17 Mar, 2015 Last updated: 25 Feb, 2016

With many Australians risking their lives eating too much salt, VicHealth is encouraging people to shake the habit and reduce their salt intake.

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This week, (March 16-22), marks Salt Awareness Week and with the majority of Australians consuming almost double the amount of salt recommended for good health, VicHealth has outlined ten tips to help people reduce salt in their diet.

VicHealth CEO Jerril Rechter said research shows that salt kills 1.6 million people a year worldwide.

"Salt increases the risk of high blood pressure and the risk of cardiovascular disease including heart attack, stroke and blood vessel disease. 

"Most salt in the Australian diet comes from added salt in processed foods so people are often unaware of how much they're eating. Shoppers need to be aware of hidden salt in the processed foods we eat every day, which are commonly found in most people's shopping trollies like bread, breakfast cereal, cheese, processed meats and ready-made sauces," Ms Rechter said.  
 

Ten tips for reducing your salt intake

  1. Eat more fresh vegetables and fruit which are naturally low in salt.
  2. Cut back on salty packaged or processed foods such as potato chips and other salty snack foods, packet soups and sauces, pies, sausage rolls, sausages, pizzas, and ready-made meals.
  3. Check food labels or use the FoodSwitch app to choose lower salt foods. On food labels, look for foods with less than 400mg of sodium per 100g. The best choices are foods with less than 120mg of sodium per 100g.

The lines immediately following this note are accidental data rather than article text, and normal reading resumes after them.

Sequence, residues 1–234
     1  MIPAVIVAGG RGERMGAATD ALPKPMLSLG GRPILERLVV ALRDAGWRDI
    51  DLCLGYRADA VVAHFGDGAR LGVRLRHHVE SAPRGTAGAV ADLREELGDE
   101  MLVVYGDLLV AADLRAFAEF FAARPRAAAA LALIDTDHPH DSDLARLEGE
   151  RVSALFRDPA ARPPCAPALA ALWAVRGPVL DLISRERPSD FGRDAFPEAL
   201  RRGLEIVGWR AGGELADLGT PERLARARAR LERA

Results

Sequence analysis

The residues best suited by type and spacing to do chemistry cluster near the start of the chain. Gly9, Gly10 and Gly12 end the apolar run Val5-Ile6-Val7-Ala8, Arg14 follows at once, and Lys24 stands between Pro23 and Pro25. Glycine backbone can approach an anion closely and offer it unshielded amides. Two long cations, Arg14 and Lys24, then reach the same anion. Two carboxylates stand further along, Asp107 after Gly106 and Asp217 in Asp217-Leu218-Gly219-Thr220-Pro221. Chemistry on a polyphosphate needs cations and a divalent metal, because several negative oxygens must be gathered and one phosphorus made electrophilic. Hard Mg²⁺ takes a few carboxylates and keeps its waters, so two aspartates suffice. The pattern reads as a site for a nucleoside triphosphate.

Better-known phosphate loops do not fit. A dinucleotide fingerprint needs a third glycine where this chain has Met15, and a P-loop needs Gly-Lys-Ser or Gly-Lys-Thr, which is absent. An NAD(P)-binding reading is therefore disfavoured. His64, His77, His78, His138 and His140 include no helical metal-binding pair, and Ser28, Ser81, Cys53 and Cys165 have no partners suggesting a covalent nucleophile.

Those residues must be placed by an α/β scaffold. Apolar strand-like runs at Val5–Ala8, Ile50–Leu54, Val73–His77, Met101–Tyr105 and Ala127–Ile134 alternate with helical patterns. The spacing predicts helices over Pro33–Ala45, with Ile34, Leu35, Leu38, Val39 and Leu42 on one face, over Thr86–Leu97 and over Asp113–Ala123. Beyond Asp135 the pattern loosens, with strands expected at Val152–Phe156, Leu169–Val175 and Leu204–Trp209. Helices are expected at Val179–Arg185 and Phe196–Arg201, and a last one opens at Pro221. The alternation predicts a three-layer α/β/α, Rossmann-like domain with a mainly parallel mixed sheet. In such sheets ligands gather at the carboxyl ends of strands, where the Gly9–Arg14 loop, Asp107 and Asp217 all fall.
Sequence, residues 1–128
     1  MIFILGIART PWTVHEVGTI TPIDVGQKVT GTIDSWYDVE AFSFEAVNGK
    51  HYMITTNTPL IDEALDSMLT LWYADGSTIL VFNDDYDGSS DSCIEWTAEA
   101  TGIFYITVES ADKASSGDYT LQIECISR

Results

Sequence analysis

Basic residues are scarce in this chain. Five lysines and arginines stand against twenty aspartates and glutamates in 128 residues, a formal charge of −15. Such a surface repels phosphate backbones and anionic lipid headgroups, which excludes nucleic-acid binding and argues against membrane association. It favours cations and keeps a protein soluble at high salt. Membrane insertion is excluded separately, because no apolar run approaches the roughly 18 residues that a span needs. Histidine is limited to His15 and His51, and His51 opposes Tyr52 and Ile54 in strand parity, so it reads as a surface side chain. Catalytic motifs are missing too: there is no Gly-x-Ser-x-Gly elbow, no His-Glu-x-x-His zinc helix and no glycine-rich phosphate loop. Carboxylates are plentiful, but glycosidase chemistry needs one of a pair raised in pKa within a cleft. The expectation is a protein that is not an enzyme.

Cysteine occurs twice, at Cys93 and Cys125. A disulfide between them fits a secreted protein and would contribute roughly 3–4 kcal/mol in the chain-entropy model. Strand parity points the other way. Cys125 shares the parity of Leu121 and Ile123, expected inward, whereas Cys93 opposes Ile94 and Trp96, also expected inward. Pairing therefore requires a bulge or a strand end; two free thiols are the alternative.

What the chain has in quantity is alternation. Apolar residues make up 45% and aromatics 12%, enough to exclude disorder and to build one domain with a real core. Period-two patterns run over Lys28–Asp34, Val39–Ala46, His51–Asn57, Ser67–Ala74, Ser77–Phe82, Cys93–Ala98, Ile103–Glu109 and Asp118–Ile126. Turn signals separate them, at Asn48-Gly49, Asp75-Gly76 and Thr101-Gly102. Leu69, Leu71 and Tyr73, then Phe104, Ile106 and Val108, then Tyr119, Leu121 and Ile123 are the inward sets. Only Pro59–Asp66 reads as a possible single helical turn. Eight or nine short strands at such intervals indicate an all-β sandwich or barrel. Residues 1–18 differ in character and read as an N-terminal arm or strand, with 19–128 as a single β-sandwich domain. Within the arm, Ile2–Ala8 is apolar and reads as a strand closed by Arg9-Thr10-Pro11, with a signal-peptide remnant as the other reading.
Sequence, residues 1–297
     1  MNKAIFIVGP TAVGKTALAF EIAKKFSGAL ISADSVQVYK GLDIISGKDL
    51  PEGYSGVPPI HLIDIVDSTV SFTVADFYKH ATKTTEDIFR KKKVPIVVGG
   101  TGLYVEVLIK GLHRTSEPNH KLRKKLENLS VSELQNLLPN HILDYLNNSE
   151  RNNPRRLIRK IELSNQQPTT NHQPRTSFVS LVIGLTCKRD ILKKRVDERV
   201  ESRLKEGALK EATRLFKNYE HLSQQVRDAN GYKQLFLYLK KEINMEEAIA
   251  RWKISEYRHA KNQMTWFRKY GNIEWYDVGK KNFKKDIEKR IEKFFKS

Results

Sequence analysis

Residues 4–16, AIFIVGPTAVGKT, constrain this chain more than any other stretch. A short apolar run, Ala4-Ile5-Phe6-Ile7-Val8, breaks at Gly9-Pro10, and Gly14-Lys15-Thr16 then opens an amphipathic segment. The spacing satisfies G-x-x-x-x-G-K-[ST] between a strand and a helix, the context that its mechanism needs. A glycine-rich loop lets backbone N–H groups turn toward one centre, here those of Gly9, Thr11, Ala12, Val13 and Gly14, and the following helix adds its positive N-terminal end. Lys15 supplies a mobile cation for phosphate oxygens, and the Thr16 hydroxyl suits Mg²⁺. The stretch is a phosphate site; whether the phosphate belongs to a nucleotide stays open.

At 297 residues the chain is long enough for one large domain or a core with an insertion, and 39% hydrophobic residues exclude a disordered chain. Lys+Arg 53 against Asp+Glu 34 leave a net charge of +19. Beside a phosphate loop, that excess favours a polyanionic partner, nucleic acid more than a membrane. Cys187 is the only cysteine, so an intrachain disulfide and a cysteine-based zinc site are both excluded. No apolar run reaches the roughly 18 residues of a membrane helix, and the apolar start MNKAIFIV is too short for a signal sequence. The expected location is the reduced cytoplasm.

4. Buy 'reduced-salt' breads and breakfast cereals, or check the food label to find the lower salt option.
  5. Cut back on processed meats such as bacon, ham, chorizo, and salami.
  6. When cooking, limit salty sauces and condiments such as stock, soy and fish sauce, and table salt. Choose lower salt/sodium varieties if available. 
  7. Use herbs, garlic, and pepper as seasonings as they are naturally low in salt.
  8. Take the salt shaker off the table.
  9. Eat takeaway meals and foods only occasionally.
  10. Follow the Australian Dietary Guidelines. For more information, see www.eatforhealth.gov.au

 
Ms Rechter said reducing salt in the Australian diet was one of the most cost-effective ways to improve the health of Australia. "Research shows that reducing Australia’s salt intake by 30% would save 3400 lives a year and millions of dollars in healthcare," she added. 


Media Contact: Helen Walsh, Senior Media Advisor. Call 03 9667 1319 or 0435 761 732 or email hwalsh@vichealth.vic.gov.au